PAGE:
“All advocacy is, at its core, an exercise in empathy.” ~ Samantha Power.
When I was a young working mother of four young children, I did what many other nurses did who had similar responsibilities, I worked nights and weekends. It didn’t give you much of a social life, but it maximized your earning power (shift differentials) and allowed you to be home at crucial times with your kids. There weren’t so many twelve hour shifts then, and most of my fellow workers learned to function on minimal sleep and many cups of coffee.
It was a time before DRGs and HMOs, a time when hospitals and physicians were making big money out of insurance companies and ill-health. But for the most part the staffing patterns were healthy, with an emphasis on Registered Nurses. Except at nights and on weekends. We started to see a tightening of the belt, as payment streams narrowed, as bills were scrutinized and the Government got smart in how it paid the bills (no more blank checks). We had a meeting with the Director of Nurses, and I was bold enough to ask what they planned to do about the staffing at the weekends, since (I claimed) the money they were saving on nurses would soon be needed for the lawsuits caused by us ‘working short’! Again – what we considered ‘working short’ was even better staffing than would become standard.
After the meeting, a co-worker of mine pulled me aside to softly admonish me. ‘Never let them know your name’ she advised me. After the meeting the DON had asked her who I was. ‘You have kids to feed’ she continued, ‘you can’t say those things!’ At that time, even though we knew we were supposed to be patient advocates, we had not yet learned how to be advocates for ourselves. When you work for a private corporation, without the protection of Unions, you soon learn it is best to toe the line, to zip it, and go with the flow. A few years later we were given surveys to fill out, anonymous of course, questions about our work environment, our administration, etc., etc. I was so excited – see, they do care! It was only when they gave us another the next year that I realized it was an exercise in futility – to show someone that they polled their workers. Nothing was ever acted upon.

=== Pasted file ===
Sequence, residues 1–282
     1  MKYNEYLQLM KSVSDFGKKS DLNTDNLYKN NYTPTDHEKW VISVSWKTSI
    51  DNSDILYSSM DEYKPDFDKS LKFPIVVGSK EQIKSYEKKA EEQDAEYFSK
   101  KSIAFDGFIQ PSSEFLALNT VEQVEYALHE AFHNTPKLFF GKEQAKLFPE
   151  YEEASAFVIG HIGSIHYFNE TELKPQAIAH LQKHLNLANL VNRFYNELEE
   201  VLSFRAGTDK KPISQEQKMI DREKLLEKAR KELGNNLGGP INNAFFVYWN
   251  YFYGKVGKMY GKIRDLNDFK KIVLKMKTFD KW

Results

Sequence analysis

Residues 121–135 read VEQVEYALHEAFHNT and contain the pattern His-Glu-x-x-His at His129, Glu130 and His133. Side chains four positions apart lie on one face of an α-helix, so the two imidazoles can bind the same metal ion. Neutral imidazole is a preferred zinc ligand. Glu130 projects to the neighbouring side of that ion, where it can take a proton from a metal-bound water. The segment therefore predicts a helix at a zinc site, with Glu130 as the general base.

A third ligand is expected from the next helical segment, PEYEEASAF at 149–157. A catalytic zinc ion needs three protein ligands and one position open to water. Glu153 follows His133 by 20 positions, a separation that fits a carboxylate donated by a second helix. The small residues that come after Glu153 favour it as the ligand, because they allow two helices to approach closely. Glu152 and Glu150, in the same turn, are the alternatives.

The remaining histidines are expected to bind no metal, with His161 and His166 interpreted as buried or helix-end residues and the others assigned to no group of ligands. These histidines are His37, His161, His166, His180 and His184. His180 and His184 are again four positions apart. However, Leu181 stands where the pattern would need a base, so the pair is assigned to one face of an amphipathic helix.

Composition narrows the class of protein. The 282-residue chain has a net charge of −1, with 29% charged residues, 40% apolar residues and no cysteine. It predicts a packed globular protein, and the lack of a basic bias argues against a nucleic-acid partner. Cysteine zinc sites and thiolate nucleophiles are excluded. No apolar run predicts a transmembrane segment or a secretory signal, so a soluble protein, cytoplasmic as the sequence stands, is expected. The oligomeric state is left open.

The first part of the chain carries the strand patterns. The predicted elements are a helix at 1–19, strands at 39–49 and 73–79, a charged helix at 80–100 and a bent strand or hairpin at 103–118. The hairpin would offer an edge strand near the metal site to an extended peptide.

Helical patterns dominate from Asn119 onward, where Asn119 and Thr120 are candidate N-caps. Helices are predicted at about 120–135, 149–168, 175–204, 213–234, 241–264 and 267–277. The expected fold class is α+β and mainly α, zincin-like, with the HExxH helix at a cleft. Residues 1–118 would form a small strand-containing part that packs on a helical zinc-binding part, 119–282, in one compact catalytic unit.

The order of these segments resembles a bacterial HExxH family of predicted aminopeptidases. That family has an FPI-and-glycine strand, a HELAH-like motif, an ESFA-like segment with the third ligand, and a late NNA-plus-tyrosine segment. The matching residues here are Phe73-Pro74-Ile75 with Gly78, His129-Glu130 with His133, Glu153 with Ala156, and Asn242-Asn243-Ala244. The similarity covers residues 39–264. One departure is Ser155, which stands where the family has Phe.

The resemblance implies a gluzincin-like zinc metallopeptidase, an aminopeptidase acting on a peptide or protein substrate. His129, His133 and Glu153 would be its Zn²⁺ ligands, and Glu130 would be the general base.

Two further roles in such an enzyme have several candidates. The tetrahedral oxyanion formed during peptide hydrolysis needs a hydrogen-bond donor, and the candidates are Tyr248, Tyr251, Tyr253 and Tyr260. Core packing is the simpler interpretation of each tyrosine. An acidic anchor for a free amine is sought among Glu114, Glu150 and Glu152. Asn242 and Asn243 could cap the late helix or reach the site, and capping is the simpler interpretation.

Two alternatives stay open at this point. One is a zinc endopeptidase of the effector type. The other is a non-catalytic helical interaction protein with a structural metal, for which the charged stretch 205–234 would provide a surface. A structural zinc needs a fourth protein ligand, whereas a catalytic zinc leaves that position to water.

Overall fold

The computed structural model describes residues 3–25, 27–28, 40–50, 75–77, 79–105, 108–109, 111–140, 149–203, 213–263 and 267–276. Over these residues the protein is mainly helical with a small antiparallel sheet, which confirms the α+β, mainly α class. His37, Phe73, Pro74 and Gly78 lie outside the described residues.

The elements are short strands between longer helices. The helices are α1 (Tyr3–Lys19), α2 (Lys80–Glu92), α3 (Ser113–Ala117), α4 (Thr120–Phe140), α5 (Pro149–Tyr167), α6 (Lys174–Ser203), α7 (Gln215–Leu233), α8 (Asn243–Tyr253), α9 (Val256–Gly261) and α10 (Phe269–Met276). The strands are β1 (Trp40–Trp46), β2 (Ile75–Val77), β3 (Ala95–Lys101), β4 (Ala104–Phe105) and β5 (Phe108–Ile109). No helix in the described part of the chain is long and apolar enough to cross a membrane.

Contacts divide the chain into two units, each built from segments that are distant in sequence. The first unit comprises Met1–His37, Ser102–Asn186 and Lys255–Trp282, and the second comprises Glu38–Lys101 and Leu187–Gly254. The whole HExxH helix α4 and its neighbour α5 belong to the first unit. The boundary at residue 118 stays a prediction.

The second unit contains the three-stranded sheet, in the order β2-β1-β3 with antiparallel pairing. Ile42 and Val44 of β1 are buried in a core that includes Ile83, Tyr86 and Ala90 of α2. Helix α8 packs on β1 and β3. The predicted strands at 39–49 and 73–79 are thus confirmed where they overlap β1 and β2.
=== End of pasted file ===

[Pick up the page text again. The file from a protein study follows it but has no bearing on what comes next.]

Most of us, no matter how hot-headed in our youth, mellow with age. We either mellow or become cynical, convinced we can’t change anything. Or, like my friend advised me, we try to stay below the radar. We fear, despite living in a country where the first amendment to the constitution is the right to free speech, we fear that our words will be held against us. Or perhaps because behind that right is the right for people to ‘bear arms’, we are scared that number two will take over number one! How much scarier when those who are demanding free speech are also armed!
I grew up in a tradition where we didn’t speak about our political affiliation, because my father, being a minister, knew he should not mix politics with religion. The parson was not supposed to influence his congregation. But his practices (like Jesus before him) were in support of the underserved, the poor, the working class. He would speak out against oppression, against injustice, but not in the name of a political party.